Société des Missions Africaines –Province d'Irlande

 sullivan j  Le Père James O'SULLIVAN
né le 27 janvier 1929 à Celbridge
dans le diocèse de Dublin, Irlande
membre de la SMA le 3 février 1954
prêtre le 5 juin 1954
décédé le 19 décembre 1996
 1958-1959 Savannah, Géorgie, USA

vicaire à la paroisse Saint-Benoît
1959-1964 Augusta, Géorgie, USA
vicaire à la paroisse de l'Immaculée Conception
1964-1966 missionnaire au Liberia, Cape Palmas
1966-1967 Dedham, USA, collège et séminaire
1967-1986 Tenafly, membre du staff de la maison
1986-1996 Tenafly, vice supérieur

décédé à Teaneck, USA, le 19 décembre 1996,
à l'âge de 67 ans

Father James O’Sullivan (1929 - 1996)

James O’Sullivan was born in Celbridge, Co Kildare, Ireland, on January 27, 1929. He died at Holy Name Hospital, Teaneck, New Jersey, on December 1996.

James (Jim) Sullivan was one of twelve children born to Michael Joseph and Kathleen (nee Cahill) O’Sullivan. Michael O’Sullivan was a Civic Guard and, especially during the early years of his career, this entailed frequent transfers to various parts of the country. Thus, although born in Kildare and baptized in the parish of Celbridge, Jim grew up in Ardagh, Knocklong, Co Limerick, receiving his primary school education at nearby Knockaderry. Jim commenced his second-level studies in St. Ita’s High School, Newcastle West but, sensing a missionary vocation, soon transferred to the SMA’s junior secondary institution, the Sacred Heart College, Ballinafad, Co Mayo. He completed his education in St. Joseph College, Wilton, Cork, the Society’s senior college. Next, in September 1948, he entered the Society’s novitiate and house of philosophy at Kilcolgan, Co Galway. At the end of his two-year course Jim’s superiors concluded that his health would not be sufficiently robust for African conditions However, knowing that he had all the qualities to make a good priest, they recommended that he apply for membership of the recently formed American Province which at the time had relatively few members. Jim applied and was accepted, traveling to Washington DC where he attended the Catholic University for his theology course, commencing in 1951. Jim was received as a member of the Society on May 28, 1952. He was ordained a priest by Bishop John M. McNamara, at the National Shrine of the Immaculate Conception in Washington DC, on June 5, 1954.

Jim spent most of his priestly ministry in America. Much of his early career saw him minister in the Society’s African-American parishes in the South. After ordination he was assigned as assistant pastor to Our Lady of Lourdes parish in Atlanta, Georgia. Between 1955-1957 he taught in St. Pius X High School, in Savannah, GA. His next appointment was to Los Angeles where he assisted in St. Odilia’s parish during 1957-58. August 1958 saw him transferred to St. Benedict’s parish, Savannah, where beside his ordinary parish work, he was spiritual moderator for Christ the King High School. Finally, from September 1959 he assisted in Immaculate Conception parish, Augusta while teaching in the Catholic High School.

In the autumn of 1964 Jim’s missionary career took a new direction when he was appointed to Cape Palmas diocese, Liberia. He was to spend two years in this assignment, working for most of it in the parish of Sasstown. Ill-health compelled Jim to return home. He was appointed to the staff of Queen of Apostles College and Seminary in Dedham, MA, in August 1966. In May of the following year, in view of the changed status of the Queen of Apostles Seminary (it closed as a house of philosophy) Jim was assigned to the general staff of the Province’s headquarters in Tenafly. He was to serve here for the remaining years of his life. His years of faithful service included appointments as assistant to a succession of Superiors. But there were many other duties, alluded to by the Provincial when he preached the homily at Jim’s Requiem Mass, on December 12, 1996. These included countless hours in the mail room, ensuring that the Frontline Report and special appeals were sent to benefactors. But Jim had his own ‘special appeal’, which the Provincial outlined. ‘His personality was one that made people feel good about themselves. He was always ready to turn the spotlight of attention back to others… He had a spirit of joy inside of him and he would like his Eucharist to be celebrated in that spirit of joy… He loved to read theology and studied the works of big names like Bernard Lonergan and Karl Rahner. In recent times, though, his study became more interior, and more reflective, pondering on the very mystery of the incarnation itself…’ As a student Fr. Jim had a special aptitude for Gregorian Chant and throughout his life liked to sing and recite poetry. He was also most prayerful. Indeed his favorite prayer was to become one which was profoundly simply and simply profound. This prayer, which he knew from the book Markings by the late Dag Hamerskjold, stated: “For all that has been, thanks! For all that will be, Yes!”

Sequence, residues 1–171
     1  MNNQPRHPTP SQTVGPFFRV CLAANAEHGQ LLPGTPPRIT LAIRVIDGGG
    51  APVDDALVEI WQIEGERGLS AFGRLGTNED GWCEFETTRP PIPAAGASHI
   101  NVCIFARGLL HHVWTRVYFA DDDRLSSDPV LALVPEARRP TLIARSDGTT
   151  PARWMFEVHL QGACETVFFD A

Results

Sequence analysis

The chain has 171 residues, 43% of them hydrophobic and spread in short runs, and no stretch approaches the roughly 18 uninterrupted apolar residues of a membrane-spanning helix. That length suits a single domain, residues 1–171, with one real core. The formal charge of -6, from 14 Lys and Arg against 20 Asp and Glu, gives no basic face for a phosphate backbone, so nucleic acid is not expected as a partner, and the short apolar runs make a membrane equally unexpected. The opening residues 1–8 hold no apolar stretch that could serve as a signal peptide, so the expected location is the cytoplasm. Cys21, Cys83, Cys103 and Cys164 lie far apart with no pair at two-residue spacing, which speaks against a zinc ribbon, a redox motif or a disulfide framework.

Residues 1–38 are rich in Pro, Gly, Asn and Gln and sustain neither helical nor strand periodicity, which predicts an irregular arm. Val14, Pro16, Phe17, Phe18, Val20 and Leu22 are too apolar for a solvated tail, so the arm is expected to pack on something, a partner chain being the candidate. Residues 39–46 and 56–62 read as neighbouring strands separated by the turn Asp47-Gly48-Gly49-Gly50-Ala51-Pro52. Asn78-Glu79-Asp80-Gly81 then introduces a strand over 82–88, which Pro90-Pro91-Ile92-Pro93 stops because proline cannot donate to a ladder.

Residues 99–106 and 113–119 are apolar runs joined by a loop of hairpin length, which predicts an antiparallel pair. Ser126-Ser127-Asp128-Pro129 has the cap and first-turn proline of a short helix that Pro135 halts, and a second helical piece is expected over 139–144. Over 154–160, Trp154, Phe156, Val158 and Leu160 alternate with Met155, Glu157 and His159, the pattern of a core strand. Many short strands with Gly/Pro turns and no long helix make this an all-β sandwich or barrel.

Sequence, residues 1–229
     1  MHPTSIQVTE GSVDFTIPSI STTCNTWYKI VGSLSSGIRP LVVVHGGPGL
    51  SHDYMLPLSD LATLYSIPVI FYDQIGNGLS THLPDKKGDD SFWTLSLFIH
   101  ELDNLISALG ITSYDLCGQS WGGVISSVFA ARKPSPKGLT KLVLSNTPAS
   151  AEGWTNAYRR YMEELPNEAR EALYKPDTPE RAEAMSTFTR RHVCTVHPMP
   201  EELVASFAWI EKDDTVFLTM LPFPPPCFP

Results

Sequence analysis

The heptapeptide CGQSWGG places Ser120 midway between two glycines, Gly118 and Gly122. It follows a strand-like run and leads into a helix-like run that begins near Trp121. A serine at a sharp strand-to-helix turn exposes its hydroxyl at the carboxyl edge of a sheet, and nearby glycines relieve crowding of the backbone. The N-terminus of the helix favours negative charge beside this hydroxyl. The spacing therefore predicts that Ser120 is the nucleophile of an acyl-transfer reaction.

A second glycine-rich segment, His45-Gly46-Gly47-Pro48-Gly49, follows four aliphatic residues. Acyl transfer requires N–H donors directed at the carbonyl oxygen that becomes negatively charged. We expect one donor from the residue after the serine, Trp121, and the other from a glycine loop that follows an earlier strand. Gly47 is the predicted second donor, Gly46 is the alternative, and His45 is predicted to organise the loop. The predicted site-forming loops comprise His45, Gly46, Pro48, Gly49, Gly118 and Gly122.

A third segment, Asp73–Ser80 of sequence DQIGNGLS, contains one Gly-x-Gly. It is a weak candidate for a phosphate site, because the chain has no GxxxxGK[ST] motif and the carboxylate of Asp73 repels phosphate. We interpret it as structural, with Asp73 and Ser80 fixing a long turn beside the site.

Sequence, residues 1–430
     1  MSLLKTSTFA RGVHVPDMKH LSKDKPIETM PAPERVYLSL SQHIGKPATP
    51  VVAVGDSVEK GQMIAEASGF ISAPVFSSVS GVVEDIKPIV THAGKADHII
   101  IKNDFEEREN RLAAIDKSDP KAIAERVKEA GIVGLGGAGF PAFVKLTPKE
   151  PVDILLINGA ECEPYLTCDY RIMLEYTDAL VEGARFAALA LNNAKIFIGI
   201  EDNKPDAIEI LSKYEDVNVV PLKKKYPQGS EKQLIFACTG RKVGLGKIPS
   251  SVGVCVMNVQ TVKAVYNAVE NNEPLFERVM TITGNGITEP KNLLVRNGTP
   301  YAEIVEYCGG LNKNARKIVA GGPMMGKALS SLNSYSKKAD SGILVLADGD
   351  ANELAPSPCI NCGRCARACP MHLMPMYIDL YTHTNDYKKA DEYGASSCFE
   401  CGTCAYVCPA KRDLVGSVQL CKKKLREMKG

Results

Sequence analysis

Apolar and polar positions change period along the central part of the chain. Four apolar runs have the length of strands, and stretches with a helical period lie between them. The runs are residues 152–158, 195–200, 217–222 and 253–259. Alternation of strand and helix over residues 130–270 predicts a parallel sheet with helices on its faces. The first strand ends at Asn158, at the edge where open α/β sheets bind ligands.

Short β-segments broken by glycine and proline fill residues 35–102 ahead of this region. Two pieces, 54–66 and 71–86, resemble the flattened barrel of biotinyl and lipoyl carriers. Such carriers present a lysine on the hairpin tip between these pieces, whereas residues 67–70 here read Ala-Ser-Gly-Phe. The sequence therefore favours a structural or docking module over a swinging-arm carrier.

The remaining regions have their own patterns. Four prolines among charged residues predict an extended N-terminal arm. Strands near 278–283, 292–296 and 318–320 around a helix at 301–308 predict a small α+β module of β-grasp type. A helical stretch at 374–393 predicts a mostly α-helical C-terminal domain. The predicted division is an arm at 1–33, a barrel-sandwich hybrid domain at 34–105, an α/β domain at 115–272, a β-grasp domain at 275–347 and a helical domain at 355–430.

Although Jim was of imposing stature – built like the best specimen of the Irish Civic Guard - he was essentially a gentle man in both manner and disposition. Nor was he strong, suffering for much of his life with a variety of complaints, including high blood pressure and high cholesterol. A particular cross which he bore patiently throughout most of his life was psoriasis, a persistent and incurable skin disorder which affected most parts of his body. It was this latter condition, greatly aggravated by the tropical heat, which made it impossible for him to stay long in Africa. Towards the end of his life Jim developed a series of aneurysms which precipitated his death. He died after surgery for an aneurysm at Holy Name Hospital with his family by his side.

He is buried in the SMA community plot at Mount Carmel Cemetery, Tenafly, NJ, USA.